Another weird place this sort of thing showed up was in Hogan’s Heroes. Robert Clary, who played Frenchman Labeau, was the sole survivor of his family from Burchanwald - it’s why he was never seen in short sleeves - and in an episode where he’s recovering French owned art stolen by the Nazis he didn’t need to act to weep at the cultural vandalism: he’d lived through it, after all.Ever see Casablanca? I actually had not until very recently, and with it I learned something interesting about it.
There's a scene where the Nazis start singing Die Wacht am Rhine, a patriotic German song with its roots in the Franco-Prussian War, which at the time was more or less the de facto German national anthem. This leads one of the main characters to get the band to start playing La Marseillaise, which everyone else in the bar joins in, ultimately drowning out the Nazis. It's a surprisingly emotional scene, and several of the characters are seen brimming with tears. ...That wasn't entirely staged.
For those unfamiliar, Casablanca was released in 1942, and many of the actors were in fact refugees who had fled from the Nazis.
Marcel Dalio (Emil) and Madeleine Lebeau had fled Paris together shortly before the Nazis took it in 1940. Most of Dalio's family would die in concentration camps. S.Z. Sakall (Carl) fled Germany in 1939. His sisters and niece shared the same fate as Dalio's family. Peter Lorre fled to Paris and then London from Nazi Germany in 1933, before eventually making it to America. Paul Henreid (Lazlo) was an Austrian-English actor who had been so vocally anti-Nazi as to be declared an "official enemy of the Third Reich" and had relocated to the States in 1941. Curt Bois (pickpocket)? Jewish-German refugee. Leonard Kinskey (Sascha)? Helmut Dantine? Imprisoned in a Nazi concentration camp in 1938, but ultimately released and sent by his family to California. Louis V. Arco, Trude Berliner, Ilka Grünig, Ludwig Stössel, Hans Heinrich von Twardowski, and Wolfgang Zilzer? The film is chock full of people who had fled Nazi oppression. Even actors cast as the Nazis in the film (such as Conrad Veidt, who played antagonist Major Strasser).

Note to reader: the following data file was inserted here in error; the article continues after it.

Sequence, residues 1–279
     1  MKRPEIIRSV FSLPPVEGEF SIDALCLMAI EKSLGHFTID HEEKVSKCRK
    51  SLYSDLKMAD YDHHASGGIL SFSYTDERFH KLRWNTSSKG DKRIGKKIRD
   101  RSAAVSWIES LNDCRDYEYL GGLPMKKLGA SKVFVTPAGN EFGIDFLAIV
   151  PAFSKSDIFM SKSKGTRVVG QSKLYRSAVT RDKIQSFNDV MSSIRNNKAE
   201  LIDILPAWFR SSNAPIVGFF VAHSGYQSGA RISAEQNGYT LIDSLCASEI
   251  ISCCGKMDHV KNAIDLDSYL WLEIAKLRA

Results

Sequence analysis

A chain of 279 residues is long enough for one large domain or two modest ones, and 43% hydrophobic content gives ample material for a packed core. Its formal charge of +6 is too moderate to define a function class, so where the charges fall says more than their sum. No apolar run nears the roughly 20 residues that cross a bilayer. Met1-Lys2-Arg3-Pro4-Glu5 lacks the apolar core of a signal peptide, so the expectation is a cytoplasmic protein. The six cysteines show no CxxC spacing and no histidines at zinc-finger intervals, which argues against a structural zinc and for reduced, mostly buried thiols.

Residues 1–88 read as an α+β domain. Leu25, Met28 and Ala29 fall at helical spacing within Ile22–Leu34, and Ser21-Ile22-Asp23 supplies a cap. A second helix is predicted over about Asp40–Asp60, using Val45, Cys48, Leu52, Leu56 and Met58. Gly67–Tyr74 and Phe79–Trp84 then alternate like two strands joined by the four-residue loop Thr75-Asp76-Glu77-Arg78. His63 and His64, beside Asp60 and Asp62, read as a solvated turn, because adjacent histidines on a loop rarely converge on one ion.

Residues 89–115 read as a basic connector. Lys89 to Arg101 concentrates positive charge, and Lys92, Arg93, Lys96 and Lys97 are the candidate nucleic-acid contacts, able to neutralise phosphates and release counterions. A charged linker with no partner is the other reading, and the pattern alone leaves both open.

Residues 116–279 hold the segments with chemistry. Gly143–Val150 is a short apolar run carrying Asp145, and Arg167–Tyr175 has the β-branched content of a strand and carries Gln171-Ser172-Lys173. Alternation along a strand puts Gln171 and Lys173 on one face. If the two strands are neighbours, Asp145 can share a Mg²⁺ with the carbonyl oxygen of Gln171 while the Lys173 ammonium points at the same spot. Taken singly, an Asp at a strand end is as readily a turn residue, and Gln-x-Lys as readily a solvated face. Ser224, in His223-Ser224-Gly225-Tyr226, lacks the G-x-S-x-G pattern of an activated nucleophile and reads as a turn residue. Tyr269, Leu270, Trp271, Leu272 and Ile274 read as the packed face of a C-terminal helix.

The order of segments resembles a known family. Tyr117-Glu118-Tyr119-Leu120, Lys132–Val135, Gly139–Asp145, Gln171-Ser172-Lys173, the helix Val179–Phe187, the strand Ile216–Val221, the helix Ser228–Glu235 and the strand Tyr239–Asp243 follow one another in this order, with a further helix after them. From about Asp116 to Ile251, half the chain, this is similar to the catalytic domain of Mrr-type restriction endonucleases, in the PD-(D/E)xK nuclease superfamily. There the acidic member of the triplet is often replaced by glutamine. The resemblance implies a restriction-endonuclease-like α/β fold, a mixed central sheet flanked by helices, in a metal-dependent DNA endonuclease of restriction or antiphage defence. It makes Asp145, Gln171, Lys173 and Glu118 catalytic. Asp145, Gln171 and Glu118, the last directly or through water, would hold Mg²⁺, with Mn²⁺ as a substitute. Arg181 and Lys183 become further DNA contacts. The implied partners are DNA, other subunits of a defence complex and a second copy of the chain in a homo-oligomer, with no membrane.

Granted, I am very late to the party in this (though again, I only just got around to seeing Casablanca, so that is perhaps to be expected). Aljean Harmetz wrote about this some time ago in the Making of Casablanca, and she sums it up pretty well.
Leon Askin, who played Col. Burkhalter - Klink’s commanding officer who’s either trying to to marry him off to his sister or have him sent to the Russian front - has a prominent scar on his face that he got while having the shit kicked out of him by some Nazis in Germany.
Obviously not the same as refugees at in Casablanca in ‘42 but an interesting bit of trivia.